Jaime Reyes

The impact that Jaime Reyes has had on the history of skateboarding, not only female, is often forgotten, but her story is at the same time unique and exemplary. Born and raised in Hawaii at the beginning of the '90s, Jaime is one of the three women to ever appear on the cover of Thrasher Magazine, after Cara-Beth Burnside and before Lizzie Armanto, who we met here. Jaime's skate style has always been very technical, made of precise and thought moves, which conquered the East Coast when she moved to New York looking for more visibility and contacts within the industry, and where she built a long-lasting connection with Supreme NY. Reyes has often recounted how she would be made fun of for her origin, for her small breasts, the way she dressed, many thought she was a man. Nevertheless, Jaime was one of the first athletes to openly talk about her bisexuality, unafraid of the consequences of such a statement in a world that wasn't as open-minded as it is today. Jaime's career has its highs and lows: she became pro with Rookie brand and designed her first pro shoe with Gallaz, that shortly after laid her off without notice, making her lose all the revenues of the sales. Jaime spent a few years without an agent and without a sponsor, ending up almost with nothing. In 2009, when her father passed away, Reyes decided to retire from skateboarding but changed her mind a few years later. Jaime Reyes has often professed that she doesn't care whether people know her name or her story, but the fact that her skate and some of her personal objects are displayed at the Smithsonian's National Museum of American History means definitely something: what Jaime Reyes did matters, not only for her but above all for all the future generations of female skateboarders. 

 

Cindy Whitehead

"I couldn't find photos of girl skaters to put on my walls. I would look through skate magazines, but there were so few photos of girls and no posters." So Cindy decided to appear herself in one of those magazines usually featuring only male skateboarders. Cindy Whitehead's adventure in the skate world begins when she's 15 years old, two years later she's already pro, and at 22 she retires from the competitions. Cindy is a phenomenon of vert skating, she's the only female skater to ever be sponsored by PUMA, as well as the only to have appeared in the central pages of a skate magazine. Whitehead created a brand, Girl is NOT a 4 Letter Word, which establishes also as a movement for the emancipation and the empowerment of young female skaters, a project very important for Cindy, that she addressed also in her TED Talk. A few years ago the image of Cindy skating down the closed off 405 freeway in LA broke the internet: she likes to remind all the girls out there to take risks and to break rules, as she's done throughout her entire life.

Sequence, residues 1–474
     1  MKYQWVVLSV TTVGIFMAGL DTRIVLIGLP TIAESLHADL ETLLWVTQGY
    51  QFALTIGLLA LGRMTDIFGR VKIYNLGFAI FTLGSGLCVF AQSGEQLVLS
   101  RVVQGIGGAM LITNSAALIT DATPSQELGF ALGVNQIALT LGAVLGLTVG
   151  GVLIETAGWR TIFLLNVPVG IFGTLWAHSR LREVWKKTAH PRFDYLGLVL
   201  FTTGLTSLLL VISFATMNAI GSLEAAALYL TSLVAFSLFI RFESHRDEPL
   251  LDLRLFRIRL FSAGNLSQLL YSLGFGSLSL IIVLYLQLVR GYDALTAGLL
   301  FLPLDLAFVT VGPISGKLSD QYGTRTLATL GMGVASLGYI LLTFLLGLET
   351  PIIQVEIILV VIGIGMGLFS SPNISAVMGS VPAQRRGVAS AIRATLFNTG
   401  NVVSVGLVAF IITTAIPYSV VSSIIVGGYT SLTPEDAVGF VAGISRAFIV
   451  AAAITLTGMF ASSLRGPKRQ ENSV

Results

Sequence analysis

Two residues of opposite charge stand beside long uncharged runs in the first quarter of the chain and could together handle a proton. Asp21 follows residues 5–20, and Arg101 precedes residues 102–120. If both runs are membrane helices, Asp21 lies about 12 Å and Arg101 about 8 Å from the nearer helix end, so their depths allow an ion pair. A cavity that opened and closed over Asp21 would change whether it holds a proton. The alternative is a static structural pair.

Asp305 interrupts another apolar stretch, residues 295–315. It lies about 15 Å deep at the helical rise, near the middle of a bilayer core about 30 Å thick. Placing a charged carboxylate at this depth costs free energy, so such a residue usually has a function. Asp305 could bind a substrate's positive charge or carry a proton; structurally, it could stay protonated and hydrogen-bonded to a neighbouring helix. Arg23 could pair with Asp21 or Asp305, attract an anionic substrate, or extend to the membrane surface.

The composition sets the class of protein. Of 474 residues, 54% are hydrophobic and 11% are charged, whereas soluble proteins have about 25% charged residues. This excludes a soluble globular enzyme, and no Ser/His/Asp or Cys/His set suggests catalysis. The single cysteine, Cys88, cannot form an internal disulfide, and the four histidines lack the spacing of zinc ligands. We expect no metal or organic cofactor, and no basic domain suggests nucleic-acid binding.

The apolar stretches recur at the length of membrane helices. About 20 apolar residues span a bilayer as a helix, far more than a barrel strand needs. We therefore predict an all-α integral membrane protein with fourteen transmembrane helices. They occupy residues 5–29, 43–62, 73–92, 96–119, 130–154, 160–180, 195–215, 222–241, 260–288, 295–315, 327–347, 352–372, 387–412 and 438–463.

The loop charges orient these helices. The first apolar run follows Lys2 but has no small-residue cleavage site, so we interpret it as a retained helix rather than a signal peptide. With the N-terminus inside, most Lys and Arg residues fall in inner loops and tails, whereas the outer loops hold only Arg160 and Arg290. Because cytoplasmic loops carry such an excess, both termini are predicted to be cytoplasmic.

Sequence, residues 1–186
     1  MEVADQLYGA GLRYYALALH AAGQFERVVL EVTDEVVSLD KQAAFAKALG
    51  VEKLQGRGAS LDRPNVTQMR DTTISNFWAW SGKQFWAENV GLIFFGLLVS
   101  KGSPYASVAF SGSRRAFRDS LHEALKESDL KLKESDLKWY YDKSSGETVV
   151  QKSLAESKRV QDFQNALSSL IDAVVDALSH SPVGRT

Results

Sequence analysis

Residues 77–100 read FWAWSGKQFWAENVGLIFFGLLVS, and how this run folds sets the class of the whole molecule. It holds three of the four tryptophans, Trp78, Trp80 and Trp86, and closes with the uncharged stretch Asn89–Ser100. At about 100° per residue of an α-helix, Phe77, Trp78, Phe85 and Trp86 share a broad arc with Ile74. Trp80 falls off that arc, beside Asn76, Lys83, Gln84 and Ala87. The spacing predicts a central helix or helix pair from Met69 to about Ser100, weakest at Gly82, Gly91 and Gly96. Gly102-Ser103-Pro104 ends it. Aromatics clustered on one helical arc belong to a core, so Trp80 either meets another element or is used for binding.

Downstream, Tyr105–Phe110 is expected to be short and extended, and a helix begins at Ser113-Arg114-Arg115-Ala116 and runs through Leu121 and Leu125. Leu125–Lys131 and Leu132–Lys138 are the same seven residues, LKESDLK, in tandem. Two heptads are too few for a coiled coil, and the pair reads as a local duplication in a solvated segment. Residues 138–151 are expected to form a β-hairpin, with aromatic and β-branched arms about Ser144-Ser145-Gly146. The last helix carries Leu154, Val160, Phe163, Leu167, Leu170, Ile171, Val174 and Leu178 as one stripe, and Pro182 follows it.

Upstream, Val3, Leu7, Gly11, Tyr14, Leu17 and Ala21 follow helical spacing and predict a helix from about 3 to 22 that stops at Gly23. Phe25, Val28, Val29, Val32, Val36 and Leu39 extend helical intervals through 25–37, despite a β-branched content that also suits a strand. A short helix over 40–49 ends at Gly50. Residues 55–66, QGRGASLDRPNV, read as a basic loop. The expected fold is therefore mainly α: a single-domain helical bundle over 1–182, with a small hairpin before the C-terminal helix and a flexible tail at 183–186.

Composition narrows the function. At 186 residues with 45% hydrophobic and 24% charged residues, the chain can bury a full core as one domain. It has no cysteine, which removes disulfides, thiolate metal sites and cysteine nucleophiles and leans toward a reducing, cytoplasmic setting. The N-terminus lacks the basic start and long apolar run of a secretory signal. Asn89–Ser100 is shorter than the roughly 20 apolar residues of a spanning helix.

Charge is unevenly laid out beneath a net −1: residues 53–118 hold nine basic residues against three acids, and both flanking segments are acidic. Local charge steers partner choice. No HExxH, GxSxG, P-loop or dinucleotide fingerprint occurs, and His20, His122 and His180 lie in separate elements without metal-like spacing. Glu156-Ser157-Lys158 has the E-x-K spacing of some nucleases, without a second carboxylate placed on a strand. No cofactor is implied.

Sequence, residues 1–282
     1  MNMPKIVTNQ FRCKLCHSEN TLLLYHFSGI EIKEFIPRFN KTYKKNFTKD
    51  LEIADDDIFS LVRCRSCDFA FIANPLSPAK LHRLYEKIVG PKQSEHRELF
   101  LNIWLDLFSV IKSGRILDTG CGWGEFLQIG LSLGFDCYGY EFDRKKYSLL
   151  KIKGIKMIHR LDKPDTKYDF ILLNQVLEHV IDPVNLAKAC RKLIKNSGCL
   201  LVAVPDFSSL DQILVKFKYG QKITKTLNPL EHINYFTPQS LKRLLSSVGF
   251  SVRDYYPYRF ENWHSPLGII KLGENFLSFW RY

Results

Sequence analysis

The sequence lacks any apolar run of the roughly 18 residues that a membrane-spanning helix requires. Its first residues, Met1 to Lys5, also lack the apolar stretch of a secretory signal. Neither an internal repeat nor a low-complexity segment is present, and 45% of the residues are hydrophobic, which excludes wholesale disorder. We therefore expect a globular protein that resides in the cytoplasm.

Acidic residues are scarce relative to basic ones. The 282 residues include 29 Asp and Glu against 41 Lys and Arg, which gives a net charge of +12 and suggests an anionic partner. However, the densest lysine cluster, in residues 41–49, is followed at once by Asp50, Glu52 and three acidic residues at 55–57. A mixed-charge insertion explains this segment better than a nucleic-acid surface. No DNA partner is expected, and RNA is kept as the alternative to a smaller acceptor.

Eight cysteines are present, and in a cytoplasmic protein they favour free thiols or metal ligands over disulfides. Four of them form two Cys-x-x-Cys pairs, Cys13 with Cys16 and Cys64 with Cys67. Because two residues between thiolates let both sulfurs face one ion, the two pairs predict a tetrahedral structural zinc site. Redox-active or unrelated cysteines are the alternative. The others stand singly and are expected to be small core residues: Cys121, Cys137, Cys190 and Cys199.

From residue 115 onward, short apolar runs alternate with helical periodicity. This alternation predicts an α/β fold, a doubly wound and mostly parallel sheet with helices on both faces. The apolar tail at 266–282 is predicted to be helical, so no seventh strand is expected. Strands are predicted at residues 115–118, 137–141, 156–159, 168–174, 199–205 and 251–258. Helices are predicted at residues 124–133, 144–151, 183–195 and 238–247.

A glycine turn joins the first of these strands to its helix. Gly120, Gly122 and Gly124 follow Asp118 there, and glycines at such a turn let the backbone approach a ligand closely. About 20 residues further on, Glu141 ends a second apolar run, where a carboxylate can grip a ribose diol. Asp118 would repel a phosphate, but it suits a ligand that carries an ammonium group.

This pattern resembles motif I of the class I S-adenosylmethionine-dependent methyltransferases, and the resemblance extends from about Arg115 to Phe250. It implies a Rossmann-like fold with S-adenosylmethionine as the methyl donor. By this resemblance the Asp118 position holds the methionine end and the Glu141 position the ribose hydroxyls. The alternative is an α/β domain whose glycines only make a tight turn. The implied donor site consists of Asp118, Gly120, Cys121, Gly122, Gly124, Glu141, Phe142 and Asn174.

Lacey Baker

She's probably the most famous skater in the world right now. Lacey Baker, American, started skating at 5 but began to practice seriously at 11, becoming the pro she's today, with five medals at the X Games, a win at the Street League and the title of most influential and respected skater of the industry. Lacey doesn't consider herself a rebel, but she's always gone her way. When the first sponsors asked her to keep her hair long and blonde in order to give a less masculine image of the female skater, while opening the sport to a wider audience, Lacey shaved her head. What Baker loves about the sport is its most authentic and underground element, a duality between subculture and mainstream that is reflected also in her two current sponsors: on the one side Meow Skateboards, an independent all-female skate brand, and on the other Nike SB, a giant, proof of the fact that brands have finally understood the potential of this sport. Lacey Baker has never had problems in declaring her homosexuality, over the course of the years she's become an advocate for the rights of the LGBTQ community, opening a discussion that is still very debated in the skateboarding world. Lacey has unintentionally become a role model, a commitment that sometimes takes time from her real occupation. But deep down Lacey knows that even if just one girl will have the courage to take the skate, to go to a skate park or to come out, it will be also thanks to her.